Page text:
Obama on Thursday announced he was making 33 re-nominations for federal judgeships, including six other appeals court nominees.
“Today, I am re-nominating thirty-three highly qualified candidates for the federal bench, including many who could have and should have been confirmed before the Senate adjourned,” Obama said in a statement.
“Several have been awaiting a vote for more than six months, even though they all enjoy bipartisan support," he said. "I continue to be grateful for their willingness to serve and remain confident that they will apply the law with the utmost impartiality and integrity. I urge the Senate to consider and confirm these nominees without delay, so all Americans can have equal and timely access to justice.”
The National Rifle Association opposed the Halligan nomination in a Dec. 5, 2011 letter to senators. The organization cited her representing New York state in a lawsuit against gun manufacturers in 2001, and her opposition to a federal law passed in 2005 to block lawsuits against gun manufacturers.
“Our opposition is based on Ms. Halligan’s attacks on the Second Amendment rights of law-abiding Americans. Specifically, she worked to undermine the Protection of Lawful Commerce in Arms Act (PLCAA), enacted in 2005 with strong bipartisan support,” said the letter to senators signed by NRA Executive Director Chris Cox.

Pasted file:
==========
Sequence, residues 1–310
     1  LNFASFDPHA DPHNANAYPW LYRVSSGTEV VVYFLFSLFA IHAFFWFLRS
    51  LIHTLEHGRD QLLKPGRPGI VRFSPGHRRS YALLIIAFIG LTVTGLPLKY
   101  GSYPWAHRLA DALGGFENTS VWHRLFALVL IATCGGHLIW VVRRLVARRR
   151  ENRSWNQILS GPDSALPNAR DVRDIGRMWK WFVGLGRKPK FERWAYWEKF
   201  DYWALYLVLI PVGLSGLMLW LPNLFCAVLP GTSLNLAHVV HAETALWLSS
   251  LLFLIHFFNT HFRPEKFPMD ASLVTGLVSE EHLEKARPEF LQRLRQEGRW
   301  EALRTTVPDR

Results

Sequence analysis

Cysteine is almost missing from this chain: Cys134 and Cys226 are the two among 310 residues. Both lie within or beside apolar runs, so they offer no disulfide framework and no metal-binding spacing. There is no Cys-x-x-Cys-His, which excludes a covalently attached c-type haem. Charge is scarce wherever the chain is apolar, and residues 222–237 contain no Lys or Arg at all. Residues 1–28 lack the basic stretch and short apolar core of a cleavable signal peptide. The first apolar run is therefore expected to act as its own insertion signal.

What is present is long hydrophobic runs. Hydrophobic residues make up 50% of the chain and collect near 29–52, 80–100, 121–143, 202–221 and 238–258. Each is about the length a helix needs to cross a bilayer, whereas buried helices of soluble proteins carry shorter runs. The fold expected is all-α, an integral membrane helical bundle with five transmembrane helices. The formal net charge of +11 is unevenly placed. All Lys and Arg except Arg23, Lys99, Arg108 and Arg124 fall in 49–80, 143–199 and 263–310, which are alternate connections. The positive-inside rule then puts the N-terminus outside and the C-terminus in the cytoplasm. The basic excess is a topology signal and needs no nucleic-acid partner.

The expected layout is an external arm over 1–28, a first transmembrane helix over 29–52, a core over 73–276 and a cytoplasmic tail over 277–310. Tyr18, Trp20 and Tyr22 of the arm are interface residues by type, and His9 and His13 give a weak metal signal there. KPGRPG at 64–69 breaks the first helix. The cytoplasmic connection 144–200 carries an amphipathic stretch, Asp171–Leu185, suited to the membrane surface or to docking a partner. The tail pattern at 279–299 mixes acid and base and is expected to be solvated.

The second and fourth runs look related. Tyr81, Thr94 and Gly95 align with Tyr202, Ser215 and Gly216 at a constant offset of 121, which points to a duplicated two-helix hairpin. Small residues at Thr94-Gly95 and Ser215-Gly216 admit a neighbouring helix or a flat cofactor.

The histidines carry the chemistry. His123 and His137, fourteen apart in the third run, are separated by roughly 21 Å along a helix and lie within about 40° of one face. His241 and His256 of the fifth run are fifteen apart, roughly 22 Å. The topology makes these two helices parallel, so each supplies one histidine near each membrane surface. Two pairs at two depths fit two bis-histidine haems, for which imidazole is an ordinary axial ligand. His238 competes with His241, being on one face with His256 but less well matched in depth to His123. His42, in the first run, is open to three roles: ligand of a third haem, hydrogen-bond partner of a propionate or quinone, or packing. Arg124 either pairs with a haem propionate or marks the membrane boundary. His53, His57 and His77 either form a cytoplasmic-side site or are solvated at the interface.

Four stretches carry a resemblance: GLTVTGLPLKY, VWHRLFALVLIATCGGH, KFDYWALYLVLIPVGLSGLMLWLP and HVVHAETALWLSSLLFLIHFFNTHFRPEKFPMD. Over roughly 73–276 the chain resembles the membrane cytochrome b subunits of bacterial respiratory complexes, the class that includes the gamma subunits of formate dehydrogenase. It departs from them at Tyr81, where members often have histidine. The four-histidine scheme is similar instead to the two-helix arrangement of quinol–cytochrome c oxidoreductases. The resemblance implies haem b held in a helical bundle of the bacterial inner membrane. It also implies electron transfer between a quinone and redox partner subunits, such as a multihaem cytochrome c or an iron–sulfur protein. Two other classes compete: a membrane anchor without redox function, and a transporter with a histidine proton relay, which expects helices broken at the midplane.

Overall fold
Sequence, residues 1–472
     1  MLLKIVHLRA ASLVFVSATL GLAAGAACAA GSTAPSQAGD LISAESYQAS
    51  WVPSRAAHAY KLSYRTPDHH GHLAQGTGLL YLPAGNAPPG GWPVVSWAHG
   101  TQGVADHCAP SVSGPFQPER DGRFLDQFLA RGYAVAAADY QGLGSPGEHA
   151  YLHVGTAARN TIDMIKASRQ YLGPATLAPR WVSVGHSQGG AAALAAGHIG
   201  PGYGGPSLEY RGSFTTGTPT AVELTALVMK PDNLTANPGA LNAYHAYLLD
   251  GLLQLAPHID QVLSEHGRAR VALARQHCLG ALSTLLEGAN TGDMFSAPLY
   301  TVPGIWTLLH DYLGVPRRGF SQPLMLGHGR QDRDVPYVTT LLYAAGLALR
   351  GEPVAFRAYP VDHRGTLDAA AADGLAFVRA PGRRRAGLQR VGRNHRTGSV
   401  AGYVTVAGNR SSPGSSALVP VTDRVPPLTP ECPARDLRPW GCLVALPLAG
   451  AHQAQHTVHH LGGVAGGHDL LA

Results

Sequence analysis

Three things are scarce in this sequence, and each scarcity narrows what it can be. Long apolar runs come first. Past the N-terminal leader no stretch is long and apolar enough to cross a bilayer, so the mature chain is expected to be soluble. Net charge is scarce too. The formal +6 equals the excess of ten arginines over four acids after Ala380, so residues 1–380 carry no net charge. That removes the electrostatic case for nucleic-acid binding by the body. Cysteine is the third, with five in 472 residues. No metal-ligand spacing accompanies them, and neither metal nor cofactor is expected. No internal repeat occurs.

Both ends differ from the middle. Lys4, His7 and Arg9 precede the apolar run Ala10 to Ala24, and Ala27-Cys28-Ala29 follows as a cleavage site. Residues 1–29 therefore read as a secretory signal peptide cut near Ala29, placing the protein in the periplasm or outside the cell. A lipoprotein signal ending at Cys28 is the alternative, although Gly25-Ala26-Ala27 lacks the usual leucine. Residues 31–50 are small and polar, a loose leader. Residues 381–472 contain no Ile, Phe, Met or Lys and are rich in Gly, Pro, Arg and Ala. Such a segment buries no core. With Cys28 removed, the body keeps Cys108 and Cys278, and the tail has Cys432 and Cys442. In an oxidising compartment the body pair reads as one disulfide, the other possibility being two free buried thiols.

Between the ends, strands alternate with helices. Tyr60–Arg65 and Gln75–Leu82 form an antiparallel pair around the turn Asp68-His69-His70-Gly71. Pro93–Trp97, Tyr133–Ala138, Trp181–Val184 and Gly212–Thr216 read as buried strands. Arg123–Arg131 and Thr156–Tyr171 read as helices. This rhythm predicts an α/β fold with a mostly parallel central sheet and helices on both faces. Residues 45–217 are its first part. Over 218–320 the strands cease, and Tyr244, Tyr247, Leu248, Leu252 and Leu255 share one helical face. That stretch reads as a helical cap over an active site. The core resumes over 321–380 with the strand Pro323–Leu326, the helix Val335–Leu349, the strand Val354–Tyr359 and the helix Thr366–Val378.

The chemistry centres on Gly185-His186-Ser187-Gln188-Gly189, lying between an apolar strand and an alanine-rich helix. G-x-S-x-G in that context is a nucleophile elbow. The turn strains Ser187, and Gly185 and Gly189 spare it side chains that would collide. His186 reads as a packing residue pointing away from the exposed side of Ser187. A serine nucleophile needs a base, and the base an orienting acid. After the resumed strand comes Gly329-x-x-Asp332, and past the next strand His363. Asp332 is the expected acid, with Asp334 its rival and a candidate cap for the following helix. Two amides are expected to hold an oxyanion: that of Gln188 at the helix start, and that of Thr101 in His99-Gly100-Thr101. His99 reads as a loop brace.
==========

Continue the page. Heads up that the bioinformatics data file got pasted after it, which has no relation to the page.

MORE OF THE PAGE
The letter continued, “Among the governments that sued the industry was the state of New York. This case was pending while Ms. Halligan was New York’s solicitor general, and she strongly supported the litigation both inside and outside the courtroom.”
Sen. Charles Grassley (R-Iowa), the ranking member of the Senate Judiciary Committee, expressed opposition to Halligan because of briefs she filed in other court cases, in particular the case of Scheidler v. National Organization for Women, in which NOW wanted to use the federal Racketeer Influenced and Corrupt Organization Act against pro-life protestors on the grounds that it interrupted with commerce. The U.S. Supreme Court ruled on the case in 2006.
“She filed amicus briefs that consistently took activist positions on controversial issues such as abortion, affirmative action, immigration, and federalism,” Grassley said in a statement before giving examples.
“In Scheidler v. National Organization for Women, she supported NOW's claim that Pro-Life protestors had engaged in extortion. Ms. Halligan's position was rejected by the Supreme Court 8 to 1,” Grassley said. “That was not a mainstream position by her.”
“In the affirmative action cases of Grutter and Gratz, she argued that the use of race in college and law school admissions was not only appropriate, but constitutional,” Grassley continued. “In Hoffman Plastics v. NLRB, she argued that the National Labor Relations Board should have the authority to grant back-pay to illegal aliens, even though federal law prohibits illegal aliens from working in the United States. These are not mainstream positions.”